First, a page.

Monday, May 5, 2014

If you are the salt of the earth - do not shake over open wounds...

As many of you know - I did not grow up in a church.  As a matter of fact I was raised in a very atheist household in a very atheist culture in a very atheist country.  When I had learned about God - I had no preconceived ideas or expectations of what following Him might mean.

Today, I have lived more years as a Christian than an atheist and I have become well-versed in church culture (both Western & Eastern European).  And I have noticed that most human interactions within the organized church structure are often quite superficial.  

In order to become followers of Christ, most people must first come to a place where all of themselves, everything they believe in, everything they hold true must become undone.  They must be confronted with their need of a Savior, confronted with the weight of their sin and the distance it has placed between them and God. When that happens, and people choose the way of Christ over the way of the world, they begin looking for a local church where they can learn more about God and experience the true fellowship.

And that's where we fail each other.

Right there - where we look at our brother and sister in Christ - and judge them.  Where we look at what they said, what they did (or didn't do) and feel the freedom to have an opinion about it.  Where we develop the idea that we always know better than the pastor, or the ministry leader.  Where we cultivate the spirit of entitlement because of how much we do or how much we give.

What happens then?

We begin to mask our true feelings because we're afraid that expressing them will cause judgement.  We're afraid that the truth will stain us forever, that we'll never be seen in a good light again.  It becomes even worse with servants in positions of leadership.  For instance, how can a children pastor admit to a parent that they're going through a dry season?  What would make them look like? That somehow God was not enough for us.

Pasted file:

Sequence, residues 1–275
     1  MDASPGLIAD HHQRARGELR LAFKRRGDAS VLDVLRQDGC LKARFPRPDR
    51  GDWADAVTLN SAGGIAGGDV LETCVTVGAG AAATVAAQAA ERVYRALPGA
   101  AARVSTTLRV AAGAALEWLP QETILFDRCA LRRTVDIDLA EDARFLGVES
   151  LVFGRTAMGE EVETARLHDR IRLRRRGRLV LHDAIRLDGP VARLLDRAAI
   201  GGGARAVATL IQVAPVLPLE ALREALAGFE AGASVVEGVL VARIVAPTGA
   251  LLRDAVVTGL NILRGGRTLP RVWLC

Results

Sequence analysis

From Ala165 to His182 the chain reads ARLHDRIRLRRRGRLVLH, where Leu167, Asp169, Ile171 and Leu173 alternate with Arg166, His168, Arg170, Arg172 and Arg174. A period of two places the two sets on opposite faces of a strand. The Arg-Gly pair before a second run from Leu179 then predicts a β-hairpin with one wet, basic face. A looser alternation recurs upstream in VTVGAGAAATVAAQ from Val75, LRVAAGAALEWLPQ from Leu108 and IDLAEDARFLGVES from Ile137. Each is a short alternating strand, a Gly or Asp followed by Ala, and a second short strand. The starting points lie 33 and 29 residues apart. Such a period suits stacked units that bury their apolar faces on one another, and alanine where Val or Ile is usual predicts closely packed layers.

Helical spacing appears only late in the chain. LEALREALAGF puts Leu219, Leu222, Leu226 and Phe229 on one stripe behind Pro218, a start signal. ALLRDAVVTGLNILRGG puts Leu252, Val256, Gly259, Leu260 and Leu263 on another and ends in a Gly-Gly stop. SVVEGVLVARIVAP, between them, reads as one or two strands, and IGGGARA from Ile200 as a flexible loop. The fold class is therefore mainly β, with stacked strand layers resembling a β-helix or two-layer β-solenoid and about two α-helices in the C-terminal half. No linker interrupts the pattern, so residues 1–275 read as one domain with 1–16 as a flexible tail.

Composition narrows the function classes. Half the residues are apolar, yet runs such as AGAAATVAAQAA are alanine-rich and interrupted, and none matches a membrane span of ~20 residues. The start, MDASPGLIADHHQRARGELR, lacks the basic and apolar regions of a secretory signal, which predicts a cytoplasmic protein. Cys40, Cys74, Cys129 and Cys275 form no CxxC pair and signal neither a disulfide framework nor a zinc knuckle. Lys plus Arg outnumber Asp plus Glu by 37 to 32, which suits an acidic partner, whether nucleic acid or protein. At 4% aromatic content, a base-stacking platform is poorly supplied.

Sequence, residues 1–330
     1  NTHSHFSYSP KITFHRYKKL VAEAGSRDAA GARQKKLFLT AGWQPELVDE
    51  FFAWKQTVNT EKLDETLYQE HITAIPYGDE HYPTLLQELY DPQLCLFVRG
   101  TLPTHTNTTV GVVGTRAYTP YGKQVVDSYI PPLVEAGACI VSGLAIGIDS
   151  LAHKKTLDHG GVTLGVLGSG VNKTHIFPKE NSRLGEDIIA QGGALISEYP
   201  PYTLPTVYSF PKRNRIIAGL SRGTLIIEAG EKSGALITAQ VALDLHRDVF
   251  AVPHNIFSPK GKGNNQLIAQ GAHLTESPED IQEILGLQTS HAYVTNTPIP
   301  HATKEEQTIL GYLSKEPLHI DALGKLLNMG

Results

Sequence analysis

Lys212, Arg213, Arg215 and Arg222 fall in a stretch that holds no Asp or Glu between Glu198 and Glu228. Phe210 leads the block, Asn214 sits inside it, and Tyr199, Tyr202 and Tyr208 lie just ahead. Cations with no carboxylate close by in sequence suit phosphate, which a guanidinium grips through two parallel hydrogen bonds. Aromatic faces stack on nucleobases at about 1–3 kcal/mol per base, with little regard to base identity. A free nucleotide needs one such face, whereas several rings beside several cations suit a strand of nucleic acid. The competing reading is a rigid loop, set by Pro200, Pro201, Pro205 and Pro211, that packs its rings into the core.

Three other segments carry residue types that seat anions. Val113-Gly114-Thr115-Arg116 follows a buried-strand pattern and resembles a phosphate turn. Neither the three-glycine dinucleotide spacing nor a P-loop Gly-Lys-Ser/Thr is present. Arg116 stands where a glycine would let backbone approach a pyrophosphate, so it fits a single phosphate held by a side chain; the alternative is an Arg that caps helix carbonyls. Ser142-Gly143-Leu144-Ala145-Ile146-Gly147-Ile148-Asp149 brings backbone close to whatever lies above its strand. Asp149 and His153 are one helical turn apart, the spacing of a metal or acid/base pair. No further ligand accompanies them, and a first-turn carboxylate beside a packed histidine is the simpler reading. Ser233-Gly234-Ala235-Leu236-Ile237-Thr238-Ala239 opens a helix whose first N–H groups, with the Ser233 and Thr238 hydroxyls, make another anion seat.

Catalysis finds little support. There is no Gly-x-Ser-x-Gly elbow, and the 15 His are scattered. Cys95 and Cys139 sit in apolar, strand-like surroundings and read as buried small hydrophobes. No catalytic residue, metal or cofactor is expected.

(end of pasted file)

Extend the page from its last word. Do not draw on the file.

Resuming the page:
And so it often becomes futile - the Christian fellowship that is.  We come and smile and feel good for a while.  But when the event is over, when the church closes the doors - we are left all alone with our thoughts and the real healing has not happened.

Have you ever wondered why pastors fall, why ministry leaders quit, and why there is often so much strife  and division among church members?  I am not saying this is the main reason but I strongly believe it is one of them.

So where does that leave us?

We need to remember that we are all human.  We all struggle.  We all make mistakes.  We all - ALL - fall short of the glory.

And we need to love. LOVE our neighbor.  Like He commanded.  Like He did.

A few weeks ago something bad escaped my mouth in a church parking lot and I believe there was a person who heard it.  It haunted me for weeks as to what this person might have thought of me.

We become skillful liars, you see.  We put on our Sunday's best appearances - even when we're dying on the inside.  But beware, my friends, when you keep something bottled in - it starts rotting.  Rotting on the inside of you.

Today I came to church empty - but instead of bottling it up and holding it in until it rots - I told someone.  When a sweet sister asked me how I was doing - I told her the truth - that I was tired, that I didn't feel like coming to church even though I knew I should, that I felt I could never make everyone in my life happy.  When the words poured out - and no judgement followed - healing poured in.

This is what church should be like - a safe place to be yourself.  A safe place where you'll be confronted when you're making the wrong choices - but confronted out of love and not out of judgement.  A safe place where nothing that you say or do will alienate you from others.  A safe place where correction happens when necessary but it always benefits us rather than punishes. 

This is a church I want to be part of.  How about you?

So I decide today:

1) to try and see the other person's perspective before I form an opinion
2) to do my best to not utter negative things about other people in my life (this includes work, church, and family members)
3) this is a hard one - but still - I choose to remember who I am and Whose I am and remember that my worth is based in His grace & forgiveness - not in what others may think of me.
4) to speak the truth (with discernment of course) - to rather say nothing at all than a superficial half-truth
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